The Importance of Giving Back

The mentors in my career have provided invaluable support, feedback, and a gut check or reality check, when needed.

As we grow in our careers as leaders, it is our honor and privilege to also give back. Suggestions and advice that seem like no-brainers to us because we have been in the workplace for as long as we have, are sometimes just the Epiphany someone else needs.

We also have the ability to use our vast network for others. For example, I met a wonderful, bright, and engaging “girl,” @ohiogirlkate, to be exact. We connected on Twitter awhile back, and we finally connected in person this year at OHSHRM. I saw her in the Expo and later saw her again, and she joined me in helping a vendor unload their free beer. Picture Oprah, but with beer. “You get a beer, you get a beer!”

She even won a prize from a vendor on the last day, and we managed to snap a picture together! Success, right?

Not long after we returned from the conference, she reached out to me to let me know her position was being eliminated.

Now what is the point of having a network of thousands if you can’t use it to help a young HR pro land her next gig? It’s pointless, so I shared her info with my network, and it was shared by others and I’m sharing it here as well. http://linkedin.com/in/coxmary.

Your network is not for you. It’s to help and impact others. I can’t wait to post the story of the power of networking and Mary Kate’s wonderful new opportunity!

There’s No Lukewarm HR

I engaged in a conversation yesterday that went something like this:

Person: “I see you work in HR…how’s that treat ya? Can be a tough job.”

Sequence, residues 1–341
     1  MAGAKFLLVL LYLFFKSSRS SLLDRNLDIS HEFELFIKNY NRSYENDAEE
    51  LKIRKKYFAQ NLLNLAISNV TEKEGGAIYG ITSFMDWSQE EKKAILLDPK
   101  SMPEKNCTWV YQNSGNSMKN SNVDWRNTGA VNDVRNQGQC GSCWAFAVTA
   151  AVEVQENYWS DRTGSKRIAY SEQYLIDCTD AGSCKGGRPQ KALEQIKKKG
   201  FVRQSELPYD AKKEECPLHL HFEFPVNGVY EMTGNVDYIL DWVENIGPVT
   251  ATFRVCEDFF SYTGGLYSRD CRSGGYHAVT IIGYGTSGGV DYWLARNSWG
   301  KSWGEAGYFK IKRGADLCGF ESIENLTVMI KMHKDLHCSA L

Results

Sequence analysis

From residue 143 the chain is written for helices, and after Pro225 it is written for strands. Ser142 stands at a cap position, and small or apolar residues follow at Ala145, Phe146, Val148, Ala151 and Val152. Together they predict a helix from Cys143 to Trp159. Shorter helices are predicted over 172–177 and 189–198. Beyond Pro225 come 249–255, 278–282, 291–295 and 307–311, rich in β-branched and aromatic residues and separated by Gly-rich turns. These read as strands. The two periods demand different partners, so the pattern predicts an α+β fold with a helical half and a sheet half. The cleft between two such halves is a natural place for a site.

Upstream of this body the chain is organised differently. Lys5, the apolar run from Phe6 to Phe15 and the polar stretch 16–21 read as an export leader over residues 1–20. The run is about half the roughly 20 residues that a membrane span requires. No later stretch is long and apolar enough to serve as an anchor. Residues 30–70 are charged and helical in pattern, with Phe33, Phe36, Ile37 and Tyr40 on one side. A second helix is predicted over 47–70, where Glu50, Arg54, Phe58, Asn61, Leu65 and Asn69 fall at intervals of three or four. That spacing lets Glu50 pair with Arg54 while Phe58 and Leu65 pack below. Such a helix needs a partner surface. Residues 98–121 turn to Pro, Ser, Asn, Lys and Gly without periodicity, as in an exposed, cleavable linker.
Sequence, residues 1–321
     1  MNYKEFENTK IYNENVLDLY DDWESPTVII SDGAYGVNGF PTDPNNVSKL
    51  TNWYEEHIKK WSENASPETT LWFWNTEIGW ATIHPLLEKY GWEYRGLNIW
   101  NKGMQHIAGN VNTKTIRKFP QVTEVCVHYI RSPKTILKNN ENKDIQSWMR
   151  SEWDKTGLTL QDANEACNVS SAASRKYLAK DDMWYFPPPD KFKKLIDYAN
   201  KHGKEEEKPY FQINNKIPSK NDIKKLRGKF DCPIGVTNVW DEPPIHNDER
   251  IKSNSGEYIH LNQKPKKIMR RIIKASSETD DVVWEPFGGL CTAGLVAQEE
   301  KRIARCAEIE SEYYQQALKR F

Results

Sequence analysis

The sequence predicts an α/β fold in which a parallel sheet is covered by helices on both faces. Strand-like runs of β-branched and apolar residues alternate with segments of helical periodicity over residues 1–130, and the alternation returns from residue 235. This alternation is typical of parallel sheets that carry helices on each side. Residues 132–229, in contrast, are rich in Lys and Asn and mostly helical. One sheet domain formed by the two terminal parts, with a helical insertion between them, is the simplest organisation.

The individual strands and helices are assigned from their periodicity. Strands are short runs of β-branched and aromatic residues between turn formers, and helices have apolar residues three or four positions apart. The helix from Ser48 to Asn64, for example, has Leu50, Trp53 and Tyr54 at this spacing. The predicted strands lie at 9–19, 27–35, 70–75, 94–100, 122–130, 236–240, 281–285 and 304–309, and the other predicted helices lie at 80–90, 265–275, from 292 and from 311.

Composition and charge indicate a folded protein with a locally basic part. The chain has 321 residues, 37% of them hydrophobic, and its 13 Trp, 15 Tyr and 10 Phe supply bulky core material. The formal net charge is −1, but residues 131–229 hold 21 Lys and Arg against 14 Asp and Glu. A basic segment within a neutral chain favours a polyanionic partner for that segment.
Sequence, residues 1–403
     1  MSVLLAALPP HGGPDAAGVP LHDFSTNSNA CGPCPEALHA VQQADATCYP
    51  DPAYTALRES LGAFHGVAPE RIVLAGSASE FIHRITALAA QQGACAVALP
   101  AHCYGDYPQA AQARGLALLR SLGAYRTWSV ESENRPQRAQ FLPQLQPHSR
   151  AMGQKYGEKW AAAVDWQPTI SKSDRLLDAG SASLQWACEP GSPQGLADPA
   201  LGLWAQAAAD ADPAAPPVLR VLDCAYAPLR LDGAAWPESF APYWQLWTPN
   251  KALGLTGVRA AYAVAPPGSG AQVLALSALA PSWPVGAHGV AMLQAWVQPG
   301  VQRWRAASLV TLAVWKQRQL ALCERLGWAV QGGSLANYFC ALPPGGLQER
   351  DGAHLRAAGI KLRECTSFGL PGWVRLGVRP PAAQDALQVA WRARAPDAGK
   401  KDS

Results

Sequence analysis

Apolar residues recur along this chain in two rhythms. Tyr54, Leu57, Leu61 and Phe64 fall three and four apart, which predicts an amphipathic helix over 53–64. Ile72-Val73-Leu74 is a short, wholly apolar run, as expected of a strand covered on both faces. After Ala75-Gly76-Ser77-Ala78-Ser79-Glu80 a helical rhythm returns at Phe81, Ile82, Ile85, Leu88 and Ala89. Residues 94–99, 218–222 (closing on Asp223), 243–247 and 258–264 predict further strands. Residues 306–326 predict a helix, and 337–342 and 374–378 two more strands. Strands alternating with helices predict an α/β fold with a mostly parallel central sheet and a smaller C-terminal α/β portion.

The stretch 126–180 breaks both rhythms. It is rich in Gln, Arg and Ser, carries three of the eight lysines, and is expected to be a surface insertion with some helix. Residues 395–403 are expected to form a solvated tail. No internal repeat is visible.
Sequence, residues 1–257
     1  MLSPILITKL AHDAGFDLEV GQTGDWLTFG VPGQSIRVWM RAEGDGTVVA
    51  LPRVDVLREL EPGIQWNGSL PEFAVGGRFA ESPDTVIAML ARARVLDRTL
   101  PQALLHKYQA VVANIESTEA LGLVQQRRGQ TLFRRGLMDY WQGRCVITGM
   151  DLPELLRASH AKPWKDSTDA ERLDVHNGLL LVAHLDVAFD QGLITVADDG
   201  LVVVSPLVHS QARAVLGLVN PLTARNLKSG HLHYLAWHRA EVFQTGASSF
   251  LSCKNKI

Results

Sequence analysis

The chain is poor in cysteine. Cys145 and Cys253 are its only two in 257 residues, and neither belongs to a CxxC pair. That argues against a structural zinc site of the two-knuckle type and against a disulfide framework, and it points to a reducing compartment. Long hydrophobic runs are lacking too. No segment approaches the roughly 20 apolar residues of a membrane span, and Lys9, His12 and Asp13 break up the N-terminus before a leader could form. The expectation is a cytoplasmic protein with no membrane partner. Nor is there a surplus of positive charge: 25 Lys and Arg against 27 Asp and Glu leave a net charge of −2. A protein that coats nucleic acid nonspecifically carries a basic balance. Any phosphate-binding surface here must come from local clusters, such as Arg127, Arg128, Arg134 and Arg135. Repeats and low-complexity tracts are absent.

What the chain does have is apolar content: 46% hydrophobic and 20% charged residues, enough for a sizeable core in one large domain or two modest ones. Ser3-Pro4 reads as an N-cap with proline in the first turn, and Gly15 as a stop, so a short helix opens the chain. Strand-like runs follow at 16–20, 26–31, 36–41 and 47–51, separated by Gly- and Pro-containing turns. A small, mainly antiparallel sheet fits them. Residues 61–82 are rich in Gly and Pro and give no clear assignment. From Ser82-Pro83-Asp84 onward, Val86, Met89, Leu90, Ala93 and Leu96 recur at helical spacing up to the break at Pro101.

Me: “I’ve been in HR for 15 years. I love it.”

Person: “It’s a position of passion for sure…”

Me: “It can be, but also has the potential for the greatest impact.”

Person: “Indeed.”

Me: “You either love it or you don’t. There’s no lukewarm HR. When done right and with passion, it can be the greatest asset to a company — when done poorly – or “just enough,” it can sink the culture.”

I’m not alone in this sentiment. My good friend Steve Browne (yes, that Steve Browne) expresses this sentiment in his best selling book HR on Purpose: Developing Deliberate People Passion:

If employees are a pain point or source of frustration for you professionally, then get out of human resources. It isn’t the career for you. Quit trying to tough it out because you are this administrative superstar who can make systems hum. Administration is an important facet of HR, but it is not the reason we exist. Without people, we are nothing.

Steve is 100% accurate with this statement. HR is the for the people. It’s our job in HR to help and to support. Yes, we are there to advise, consult, and provide guidance. Yes, we are there to analyze trends and to make suggestions using predictive analytics. We are there for all of that, but at the end of the day, the people are the reason we are there. The rest is just details.

Whether you have authority or not, you have the potential to have a great deal of influence and impact in HR. Why? Because you impact the people directly. You are quite often the first impression of the company to a candidate. You are quite often the first person they meet on Day 1. You are the person who explains benefits (or someone on your team is, but you get it.) You have the possibility to make a tremendous impact on the employee’s view of the organization.

While HR is there for the happy moments: anniversaries, promotions, expansion, development, etc., it is the times of tragedy that are the most important part of our job. When someone leans on you, they are trusting you. Be present. Be there. Don’t make it about you. It’s not about you ever in HR. Come to terms with that and find your joy and satisfaction in others.

One of my favorite quotes that I apply to our work: ” Do everything with a good heart and expect nothing in return and you will never be disappointed.” I don’t mean that cynically. I genuinely mean that if your focus is not yourself, you would be amazed at the happiness in your work.